No letter to answer! In holiday season (the seventeenth is a holiday here) the mails do not run smoothly. Hence I have no letter. Your last post-card was only a wail—a voice crying in the wilderness —"weary and ill at lease.” I suppose from now till the blessed 22nd you’ll do your hibernating. After the awful cramming of history, you are entitled to much luxurious sleep. Once exams are over you feel as though you were entering an entirely new existence. Throw off the grub and be a glorious butterfly. Think no more of Pelagianism and Thucydides, of Gregory and the forged Decretal —
begin now to gather rose buds and now and then a thorn prick your tender skin, behold I am there to pluck it forth and heal the tiny wound with a kiss.
But my kisses loving
Again loving again
Seals of love not sealed in vain, not in vain.
Robert sent me a typewritten letter yesterday and I replied in kind only this afternoon. Had the weather been anything but a foul continuation of the dripping Plurvais we’ve had almost exclusively of late; I fear Bob would not have got his answer so soon. But it was too wet to venture forth on the river today, especially since we were caught yesterday and had to spend two not unpleasant hours under the canopy of our overturned craft. I was glad after all to have the chance to stay home and help with the organization of home industry.
Last night rebellion flared into open flame. My sisters had to stay home and look after the house, my mother being absent. So they exploded after seeing me come home after a day in the open. “Why should we, they said, “take the responsibility of seeing that everything goes right while you pack off and have a glorious good time. Just because we’re girls? We strike!”
They weren’t altogether just to be sure for I’ve tried to help out a good deal since my mother’s away but evidently, they regard my cooperation as too haphazard. It certainly has been mighty hard for them to teach school and then come home to arrange a mess of dishes, get supper, and make the beds, besides struggling to get the kids to help out. So today I got the dinner and supper ready, washed innumerable dishes and pans, swept up, wiped the floor etc. and let them take it comparatively easy. It really isn’t so much that they mind the work, though that’s bad enough. It’s the attitude of my mother and to a certain extend my father who take it for granted that the girls should do the housework in addition to their regular work. I can see the breach between them and my mother widening every day. It’s a pity and I wish something could be done to stop it. The trouble is that there’s too much work to be done, they’re all too tired to do it and whiff! all of a sudden someone has a case of nerves.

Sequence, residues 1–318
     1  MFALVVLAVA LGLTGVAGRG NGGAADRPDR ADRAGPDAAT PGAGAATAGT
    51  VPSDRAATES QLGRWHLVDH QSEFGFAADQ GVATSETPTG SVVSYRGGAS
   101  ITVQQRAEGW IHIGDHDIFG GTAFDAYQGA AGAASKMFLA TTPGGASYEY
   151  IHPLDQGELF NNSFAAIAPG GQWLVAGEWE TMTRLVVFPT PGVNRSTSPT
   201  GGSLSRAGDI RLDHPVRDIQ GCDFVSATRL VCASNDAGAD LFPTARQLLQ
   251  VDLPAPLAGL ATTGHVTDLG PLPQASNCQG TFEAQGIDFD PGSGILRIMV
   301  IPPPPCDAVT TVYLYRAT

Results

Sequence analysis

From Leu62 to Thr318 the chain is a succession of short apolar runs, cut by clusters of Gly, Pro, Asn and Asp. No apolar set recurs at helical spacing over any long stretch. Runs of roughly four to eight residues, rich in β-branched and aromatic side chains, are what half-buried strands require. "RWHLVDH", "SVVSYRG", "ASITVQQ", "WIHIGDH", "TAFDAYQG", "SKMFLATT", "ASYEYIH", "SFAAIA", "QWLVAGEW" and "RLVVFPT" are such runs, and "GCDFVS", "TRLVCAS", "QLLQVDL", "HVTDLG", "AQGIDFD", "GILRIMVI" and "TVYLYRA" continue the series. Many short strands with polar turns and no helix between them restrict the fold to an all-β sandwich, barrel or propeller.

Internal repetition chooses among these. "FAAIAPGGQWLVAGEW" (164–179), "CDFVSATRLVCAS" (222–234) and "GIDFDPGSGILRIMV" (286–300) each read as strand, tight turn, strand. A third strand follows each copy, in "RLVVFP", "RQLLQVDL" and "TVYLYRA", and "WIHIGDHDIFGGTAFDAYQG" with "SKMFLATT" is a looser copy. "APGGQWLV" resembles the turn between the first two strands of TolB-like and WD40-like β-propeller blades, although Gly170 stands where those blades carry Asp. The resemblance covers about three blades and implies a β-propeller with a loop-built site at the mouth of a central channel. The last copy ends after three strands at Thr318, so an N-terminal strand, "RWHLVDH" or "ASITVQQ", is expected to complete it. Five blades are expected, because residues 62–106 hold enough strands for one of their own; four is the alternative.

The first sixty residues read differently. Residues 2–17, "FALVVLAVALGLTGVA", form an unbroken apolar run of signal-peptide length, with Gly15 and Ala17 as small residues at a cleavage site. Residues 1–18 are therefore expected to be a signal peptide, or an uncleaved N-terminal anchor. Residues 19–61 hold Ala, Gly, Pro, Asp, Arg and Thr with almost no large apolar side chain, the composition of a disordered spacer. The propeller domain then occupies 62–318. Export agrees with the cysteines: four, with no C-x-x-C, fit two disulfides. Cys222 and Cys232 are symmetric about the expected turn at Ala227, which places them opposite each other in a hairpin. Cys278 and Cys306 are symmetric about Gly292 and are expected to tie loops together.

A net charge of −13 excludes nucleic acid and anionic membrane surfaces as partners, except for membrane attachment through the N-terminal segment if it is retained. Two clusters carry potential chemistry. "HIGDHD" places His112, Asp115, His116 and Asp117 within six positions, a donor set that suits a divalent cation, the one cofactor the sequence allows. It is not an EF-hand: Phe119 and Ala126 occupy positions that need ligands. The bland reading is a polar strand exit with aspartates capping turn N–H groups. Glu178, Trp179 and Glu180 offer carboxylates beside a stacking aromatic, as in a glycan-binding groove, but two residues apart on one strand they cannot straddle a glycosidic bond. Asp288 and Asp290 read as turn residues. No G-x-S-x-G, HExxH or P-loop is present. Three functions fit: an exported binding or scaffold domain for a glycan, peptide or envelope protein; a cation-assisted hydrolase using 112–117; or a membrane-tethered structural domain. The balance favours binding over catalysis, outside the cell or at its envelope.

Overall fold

My mother has worked so terribly hard for these many years herself, struggling to make her economic position secure, giving her children what education they were willing to take, that she’s a little unsympathetic towards the girls who resent the idea of slaving for the house and in the house, particularly when they think it possible to hire someone to do the work. But there really is the rub. It’s damn hard to get a maid to come into a household of eight, though it isn’t as bad as it sounds, because we all do a good deal of our own work. All of which makes it more and more clear that it’s a frightful job to tackle—that of being a parent.
Certainly no one could give more of herself than my mother to her children, and yet here is the situation—the two girls in articulate rebellion (more verbal perhaps than actual) and very largely justified.
Well, Minkie dearest, I hear my aunt approaching: So I’ll say goodnight and act goodnight.
Happy days are almost here.
17 June 1917